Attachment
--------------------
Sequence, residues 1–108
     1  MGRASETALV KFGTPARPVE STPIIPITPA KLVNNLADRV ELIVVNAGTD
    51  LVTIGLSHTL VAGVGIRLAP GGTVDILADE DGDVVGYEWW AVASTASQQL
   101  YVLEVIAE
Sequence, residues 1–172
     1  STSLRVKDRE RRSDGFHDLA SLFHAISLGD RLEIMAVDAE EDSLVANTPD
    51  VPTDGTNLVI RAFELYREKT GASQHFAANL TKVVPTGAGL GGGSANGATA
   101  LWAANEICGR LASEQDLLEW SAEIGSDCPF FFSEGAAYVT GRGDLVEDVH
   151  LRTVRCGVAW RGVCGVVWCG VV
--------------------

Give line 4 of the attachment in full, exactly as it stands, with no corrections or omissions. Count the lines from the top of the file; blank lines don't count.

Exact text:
   101  YVLEVIAE